Shining a Light on Nav-CARE Volunteers

Categories: Care, Community Engagement, Featured, People & Places, and Research.

The first full week of May marks National Hospice Palliative Care Week (NHPCW) in Canada. National Hospice Palliative Care Week is a time to celebrate and share achievements of hospice palliative care throughout the nation, but it also provides a platform to look at shortcomings and create bridges for these gaps. This year, the Canadian Hospice Palliative Care Association (CHPCA) will be taking a moment to memorialize those who have passed, as well as appreciate those who have made this hard year a little brighter by shining a light on those who matter to us most, such as Nav-CARE volunteers.


What is Nav-CARE? 

Nav-CARE (Navigation-Connecting, Accessing, Resourcing, and Engaging) is a volunteer navigation program that seeks to improve the quality of life of persons living with declining health and is currently being implemented across Canada. The program was developed from research conducted in rural palliative care by Dr. Barbara Pesut (University of British Columbia) and Dr. Wendy Duggleby (University of Alberta). Through their research, they discovered that rural older persons living at home were not receiving the support that they needed, particularly when they were living in the transition between chronic illness and palliative care. They also discovered that there were many resources in rural communities that few people knew about. Indeed, some of the greatest barriers for volunteers were the lack of opportunities to become connected to older persons who needed help. This led to the development of Nav-CARE.


The Volunteers Behind Nav-CARE

In the spirit of NHPCW, CHPCA is shining a light on Nav-CARE volunteers. Delores Brisbois is a retired registered nurse that has been working with Nav-CARE since its inception in 2017. She was drawn to the program because she loved the overall philosophy as well as their goals and vision. “It’s a huge undertaking but I think there’s a huge need for it,” states Brisbois.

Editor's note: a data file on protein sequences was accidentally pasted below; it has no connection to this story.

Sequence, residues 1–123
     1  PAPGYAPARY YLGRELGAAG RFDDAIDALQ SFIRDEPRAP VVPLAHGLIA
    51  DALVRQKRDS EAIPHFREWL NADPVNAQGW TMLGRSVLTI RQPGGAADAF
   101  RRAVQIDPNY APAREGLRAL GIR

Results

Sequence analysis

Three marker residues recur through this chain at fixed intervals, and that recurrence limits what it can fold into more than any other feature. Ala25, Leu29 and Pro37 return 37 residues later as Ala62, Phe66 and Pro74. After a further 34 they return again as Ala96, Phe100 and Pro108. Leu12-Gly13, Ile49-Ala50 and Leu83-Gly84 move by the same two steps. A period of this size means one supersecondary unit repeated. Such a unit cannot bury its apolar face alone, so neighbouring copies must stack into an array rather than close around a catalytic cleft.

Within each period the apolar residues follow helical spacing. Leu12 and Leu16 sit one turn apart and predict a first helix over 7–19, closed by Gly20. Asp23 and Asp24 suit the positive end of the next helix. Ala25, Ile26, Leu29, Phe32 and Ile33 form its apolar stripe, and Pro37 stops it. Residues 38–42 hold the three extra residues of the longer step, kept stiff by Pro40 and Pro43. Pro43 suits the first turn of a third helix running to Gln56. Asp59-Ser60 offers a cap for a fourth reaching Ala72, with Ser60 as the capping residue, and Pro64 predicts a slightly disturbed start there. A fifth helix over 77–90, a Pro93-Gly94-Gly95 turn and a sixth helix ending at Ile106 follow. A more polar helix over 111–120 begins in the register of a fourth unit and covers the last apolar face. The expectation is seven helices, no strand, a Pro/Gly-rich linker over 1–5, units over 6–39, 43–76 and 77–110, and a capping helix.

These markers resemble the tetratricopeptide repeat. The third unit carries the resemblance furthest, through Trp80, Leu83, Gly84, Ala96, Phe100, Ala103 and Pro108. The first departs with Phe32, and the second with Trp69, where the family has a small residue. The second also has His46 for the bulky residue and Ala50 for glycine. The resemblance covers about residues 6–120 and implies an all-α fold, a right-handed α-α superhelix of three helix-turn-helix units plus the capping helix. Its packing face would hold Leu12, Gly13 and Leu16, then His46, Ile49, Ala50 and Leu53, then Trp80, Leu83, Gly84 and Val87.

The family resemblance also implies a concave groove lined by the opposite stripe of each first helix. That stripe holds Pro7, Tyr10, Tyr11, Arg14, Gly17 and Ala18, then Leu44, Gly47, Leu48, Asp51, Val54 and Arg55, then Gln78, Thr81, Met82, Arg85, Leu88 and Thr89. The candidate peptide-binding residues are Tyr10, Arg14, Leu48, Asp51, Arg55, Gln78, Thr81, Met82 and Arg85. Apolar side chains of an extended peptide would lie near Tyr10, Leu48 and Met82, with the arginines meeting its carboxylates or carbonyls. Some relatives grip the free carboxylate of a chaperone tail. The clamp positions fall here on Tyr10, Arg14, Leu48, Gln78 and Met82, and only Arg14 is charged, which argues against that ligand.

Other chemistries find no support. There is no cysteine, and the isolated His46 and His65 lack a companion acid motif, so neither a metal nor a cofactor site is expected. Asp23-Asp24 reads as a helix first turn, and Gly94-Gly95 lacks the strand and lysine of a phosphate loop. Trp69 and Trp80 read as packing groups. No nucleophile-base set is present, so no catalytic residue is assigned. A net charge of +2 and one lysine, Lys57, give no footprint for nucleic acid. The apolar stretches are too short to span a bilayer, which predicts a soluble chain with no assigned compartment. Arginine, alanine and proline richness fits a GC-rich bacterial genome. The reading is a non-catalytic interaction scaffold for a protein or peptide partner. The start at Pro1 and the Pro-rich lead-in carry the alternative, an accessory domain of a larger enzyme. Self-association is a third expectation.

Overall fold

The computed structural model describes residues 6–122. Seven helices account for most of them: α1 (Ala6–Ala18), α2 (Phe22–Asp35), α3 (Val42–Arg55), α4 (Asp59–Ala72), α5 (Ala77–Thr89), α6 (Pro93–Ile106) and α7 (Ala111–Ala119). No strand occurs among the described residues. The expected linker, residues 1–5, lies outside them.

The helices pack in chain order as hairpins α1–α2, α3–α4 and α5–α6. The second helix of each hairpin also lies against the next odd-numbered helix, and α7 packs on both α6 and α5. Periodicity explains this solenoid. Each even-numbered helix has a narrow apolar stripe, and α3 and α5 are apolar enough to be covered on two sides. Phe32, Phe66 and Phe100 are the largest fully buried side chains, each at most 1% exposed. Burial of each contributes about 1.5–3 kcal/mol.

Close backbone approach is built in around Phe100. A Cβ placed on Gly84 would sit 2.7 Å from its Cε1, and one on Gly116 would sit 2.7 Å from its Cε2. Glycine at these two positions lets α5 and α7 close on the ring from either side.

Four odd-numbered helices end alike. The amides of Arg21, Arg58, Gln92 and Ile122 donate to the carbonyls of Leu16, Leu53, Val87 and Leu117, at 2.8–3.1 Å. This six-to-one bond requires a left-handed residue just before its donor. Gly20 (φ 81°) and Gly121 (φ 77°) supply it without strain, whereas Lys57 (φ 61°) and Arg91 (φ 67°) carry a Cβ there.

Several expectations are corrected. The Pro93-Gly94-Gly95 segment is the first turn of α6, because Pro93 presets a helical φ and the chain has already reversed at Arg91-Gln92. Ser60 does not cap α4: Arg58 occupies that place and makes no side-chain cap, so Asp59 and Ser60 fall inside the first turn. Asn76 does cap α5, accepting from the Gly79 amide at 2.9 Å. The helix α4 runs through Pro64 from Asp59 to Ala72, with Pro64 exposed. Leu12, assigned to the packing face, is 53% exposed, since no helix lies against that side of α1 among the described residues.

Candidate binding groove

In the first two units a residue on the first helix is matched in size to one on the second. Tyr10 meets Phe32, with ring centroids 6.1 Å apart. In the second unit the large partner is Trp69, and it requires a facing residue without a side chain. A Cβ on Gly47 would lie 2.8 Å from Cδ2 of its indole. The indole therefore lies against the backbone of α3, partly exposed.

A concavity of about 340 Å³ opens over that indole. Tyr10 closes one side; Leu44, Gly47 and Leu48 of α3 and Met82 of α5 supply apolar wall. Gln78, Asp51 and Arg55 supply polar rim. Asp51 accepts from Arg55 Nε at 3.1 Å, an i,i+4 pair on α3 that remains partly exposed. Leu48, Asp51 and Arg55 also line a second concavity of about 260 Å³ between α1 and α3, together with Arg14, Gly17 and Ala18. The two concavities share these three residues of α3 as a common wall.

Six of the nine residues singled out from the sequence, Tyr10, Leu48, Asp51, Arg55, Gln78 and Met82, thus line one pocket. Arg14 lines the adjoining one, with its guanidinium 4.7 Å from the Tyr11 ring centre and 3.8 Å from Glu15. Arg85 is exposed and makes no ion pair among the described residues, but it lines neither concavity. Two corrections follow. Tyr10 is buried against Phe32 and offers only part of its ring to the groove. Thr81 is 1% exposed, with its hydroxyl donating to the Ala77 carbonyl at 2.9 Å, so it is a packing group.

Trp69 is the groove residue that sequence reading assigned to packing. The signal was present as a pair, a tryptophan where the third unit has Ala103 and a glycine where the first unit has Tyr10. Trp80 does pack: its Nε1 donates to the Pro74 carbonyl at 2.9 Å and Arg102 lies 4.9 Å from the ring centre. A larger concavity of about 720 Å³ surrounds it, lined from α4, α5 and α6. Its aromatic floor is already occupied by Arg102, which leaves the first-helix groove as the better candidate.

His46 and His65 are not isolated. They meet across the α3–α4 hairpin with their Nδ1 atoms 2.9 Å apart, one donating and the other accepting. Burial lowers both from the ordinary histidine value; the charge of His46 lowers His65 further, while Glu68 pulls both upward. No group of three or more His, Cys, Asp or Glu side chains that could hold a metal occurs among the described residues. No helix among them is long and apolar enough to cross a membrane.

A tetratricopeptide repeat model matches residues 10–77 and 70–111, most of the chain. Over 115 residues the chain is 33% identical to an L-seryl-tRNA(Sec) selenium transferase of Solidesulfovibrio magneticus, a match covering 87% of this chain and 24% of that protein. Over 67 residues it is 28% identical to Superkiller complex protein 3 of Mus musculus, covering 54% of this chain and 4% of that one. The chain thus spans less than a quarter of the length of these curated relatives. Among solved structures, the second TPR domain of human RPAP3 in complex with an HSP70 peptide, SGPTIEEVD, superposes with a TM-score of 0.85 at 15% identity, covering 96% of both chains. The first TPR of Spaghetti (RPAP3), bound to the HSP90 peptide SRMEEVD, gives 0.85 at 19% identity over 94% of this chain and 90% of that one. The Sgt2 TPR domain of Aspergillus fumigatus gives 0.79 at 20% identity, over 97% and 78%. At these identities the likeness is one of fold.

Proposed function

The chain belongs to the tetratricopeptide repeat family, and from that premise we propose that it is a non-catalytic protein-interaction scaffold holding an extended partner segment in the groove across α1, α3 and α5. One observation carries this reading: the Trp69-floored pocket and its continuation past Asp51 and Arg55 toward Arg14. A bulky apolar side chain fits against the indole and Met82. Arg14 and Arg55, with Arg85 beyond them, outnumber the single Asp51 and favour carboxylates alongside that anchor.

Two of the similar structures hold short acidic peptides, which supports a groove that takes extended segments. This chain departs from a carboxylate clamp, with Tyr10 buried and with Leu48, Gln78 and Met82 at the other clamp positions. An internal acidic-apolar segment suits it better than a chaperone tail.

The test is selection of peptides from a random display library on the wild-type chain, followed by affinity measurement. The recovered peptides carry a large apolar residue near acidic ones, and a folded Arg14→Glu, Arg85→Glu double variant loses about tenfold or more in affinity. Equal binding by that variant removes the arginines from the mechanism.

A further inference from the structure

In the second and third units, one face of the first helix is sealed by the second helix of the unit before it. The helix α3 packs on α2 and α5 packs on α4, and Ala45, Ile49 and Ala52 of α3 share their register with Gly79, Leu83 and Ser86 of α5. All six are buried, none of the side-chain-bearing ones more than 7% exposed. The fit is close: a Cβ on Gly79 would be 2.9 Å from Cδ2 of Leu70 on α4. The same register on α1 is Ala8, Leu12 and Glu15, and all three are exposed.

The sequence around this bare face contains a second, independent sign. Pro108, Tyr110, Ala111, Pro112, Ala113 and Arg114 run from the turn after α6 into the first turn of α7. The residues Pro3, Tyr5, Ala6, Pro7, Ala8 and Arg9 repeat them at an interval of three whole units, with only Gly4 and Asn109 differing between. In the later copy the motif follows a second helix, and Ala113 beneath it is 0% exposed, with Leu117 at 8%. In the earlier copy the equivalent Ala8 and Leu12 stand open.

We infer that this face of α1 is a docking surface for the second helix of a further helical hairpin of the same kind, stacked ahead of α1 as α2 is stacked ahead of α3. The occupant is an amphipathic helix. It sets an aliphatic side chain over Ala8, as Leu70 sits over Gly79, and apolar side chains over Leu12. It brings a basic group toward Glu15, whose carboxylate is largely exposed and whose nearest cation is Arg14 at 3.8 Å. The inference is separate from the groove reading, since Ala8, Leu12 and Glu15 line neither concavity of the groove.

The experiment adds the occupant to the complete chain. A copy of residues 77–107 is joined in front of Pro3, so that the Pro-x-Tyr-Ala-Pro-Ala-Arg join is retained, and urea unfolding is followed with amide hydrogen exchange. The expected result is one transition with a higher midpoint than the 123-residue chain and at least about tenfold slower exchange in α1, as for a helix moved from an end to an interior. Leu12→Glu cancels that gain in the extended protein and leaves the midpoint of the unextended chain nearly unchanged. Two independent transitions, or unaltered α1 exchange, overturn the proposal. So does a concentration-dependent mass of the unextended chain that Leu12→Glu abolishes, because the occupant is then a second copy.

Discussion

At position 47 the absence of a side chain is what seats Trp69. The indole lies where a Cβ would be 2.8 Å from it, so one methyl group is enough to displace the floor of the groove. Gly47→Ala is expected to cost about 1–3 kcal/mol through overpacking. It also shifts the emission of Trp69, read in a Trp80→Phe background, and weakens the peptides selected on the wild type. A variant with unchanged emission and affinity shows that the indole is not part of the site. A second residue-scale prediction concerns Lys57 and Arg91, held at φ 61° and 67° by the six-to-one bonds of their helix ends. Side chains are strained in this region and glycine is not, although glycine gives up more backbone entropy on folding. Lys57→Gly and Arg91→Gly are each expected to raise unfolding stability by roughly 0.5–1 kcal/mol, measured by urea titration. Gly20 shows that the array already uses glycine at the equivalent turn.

Over the course of her four years with Nav-CARE, Brisbois has made long-lasting connections with both the volunteers and the clients. “The most rewarding part is when I do the final evaluations of both the volunteer navigators and the clients,” states Brisbois. In completing the final evaluations, she gets to see the full scope of the positive impact that each volunteer and client have brought forth throughout the course of the program. “To me, the heartfelt sense that you get from clients saying [you’ve] helped them immensely is unbeatable,” states Brisbois.

Although each volunteer says how great it is to support their clients, there has been a lack of awareness around the program as a whole. Volunteers like Delores Brisbois hope to spread the message and raise awareness by sharing their stories and highlighting the imminent need for this program across Canada.


To learn more about Nav-CARE and how you can get involved in your community, click here.

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